Approaching my 25th birthday, I have found so far being in my early 20s has been a weird and wonderful time, well, mainly just weird. I have been in this strange transitional stage for, erm, all of my 'adult' life. I am more aware and more comfortable with who I am, and who I would like to be. This self-awareness has lead to an attempt of using some sort of jagged blunt kitchen knife carve some kind of a path from A, who I am now, to be B, who I want to be. In your 20's it kind of feels like you're thrown out of the boat and you've got no choice, you either swim, float or drown. I'm in the midst of drowning, and madly attempting to teach myself to swim.

We are  expected to answer many questions at this point in our lives, where we want to live, who we want to live with, how will we keep our homes, and how will we treat our sexual partners, are just a few of the things we are expected to establish.

Answering these questions as young adults is part of the way in which we shape the rest of our lives. This ranges from who we want to spend the rest of our lives with, where we want to spend the rest of ours lives, and what the hell we intend on doing. Now, I'm definitely a few steps behind many, the struggle I go through choosing my food at a restaurant, is a clear reflection of the uncertainty of my future - I just really don't have a fucking clue what's right for me, or I'm doing and I can seem to find the words to answer any of these big questions. In the pure hope that I'm not the only one with a feeling lost at this uncertain at the period in my life, I've decided to make a blog series on this quarter life crisis I seem to be experiencing. Maybe writing about it will help me or somebody reading to figure out, what the fuck the next step is.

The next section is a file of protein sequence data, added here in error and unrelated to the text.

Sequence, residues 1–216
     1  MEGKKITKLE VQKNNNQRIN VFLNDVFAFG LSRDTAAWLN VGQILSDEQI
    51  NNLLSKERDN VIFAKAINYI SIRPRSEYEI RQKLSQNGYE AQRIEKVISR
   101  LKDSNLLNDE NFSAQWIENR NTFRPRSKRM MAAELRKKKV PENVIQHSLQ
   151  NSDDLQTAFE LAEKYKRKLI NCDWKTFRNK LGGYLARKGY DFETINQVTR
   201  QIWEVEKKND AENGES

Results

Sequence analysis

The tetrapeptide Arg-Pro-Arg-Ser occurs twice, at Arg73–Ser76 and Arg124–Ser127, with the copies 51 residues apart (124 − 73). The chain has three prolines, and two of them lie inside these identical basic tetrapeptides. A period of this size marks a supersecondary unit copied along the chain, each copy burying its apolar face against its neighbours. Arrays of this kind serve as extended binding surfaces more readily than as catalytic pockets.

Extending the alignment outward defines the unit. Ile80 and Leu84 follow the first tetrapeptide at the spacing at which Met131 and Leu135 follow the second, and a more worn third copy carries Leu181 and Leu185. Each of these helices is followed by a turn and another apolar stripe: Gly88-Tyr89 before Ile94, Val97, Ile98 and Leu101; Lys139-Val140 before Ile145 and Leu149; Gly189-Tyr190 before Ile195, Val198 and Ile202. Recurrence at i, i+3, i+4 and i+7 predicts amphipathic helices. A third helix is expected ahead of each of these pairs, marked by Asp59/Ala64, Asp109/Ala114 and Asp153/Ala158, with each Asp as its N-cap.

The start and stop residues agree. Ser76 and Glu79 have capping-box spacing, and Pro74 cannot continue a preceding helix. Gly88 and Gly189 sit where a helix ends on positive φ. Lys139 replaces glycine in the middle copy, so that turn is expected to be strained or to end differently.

Today, I wanted to talk about when you're little behind on your 'become a real adult list' (is it bad I actually wrote one of these?), and questions are unanswered - so you find yourself, a grown woman, with a lot of self-awareness (at least I like to think so), living in your Mothers home, sleeping in your single bed, in a bedroom which should have definitely become a guest room post finishing your university course.

I've recently left my job because I felt as though I was walking down the wrong path (more on that in another post). Given my current job situation (or lack of). I'm sure you've grasped by now, I'm not doing a great job of 'adulting' so far. Still living at home with my Mum and older sister (it makes me feel slightly better that I'm not the only one at home, although my sister has a very success career, and I'm definitely lagging behind her). I am not where I imagined being at 24 - I'd hoped to be taking over the world in some way, which becomes little tricky when I realise the world stretches far beyond of the walls of my Mothers house, and that sort of terrifies me. Since I have not been working 8-6 (I promise I will stop banging on about leaving my job soon) as I've always done since finishing University, I'm spending more time at home, in my Mum's house, in the middle of nowhere, and I have been spending more time with my mum who works mornings and is mobile, and oh my god, being home more, has made me realise, why it's natural to have moved out of your family home at this stage in your life, if not slightly earlier.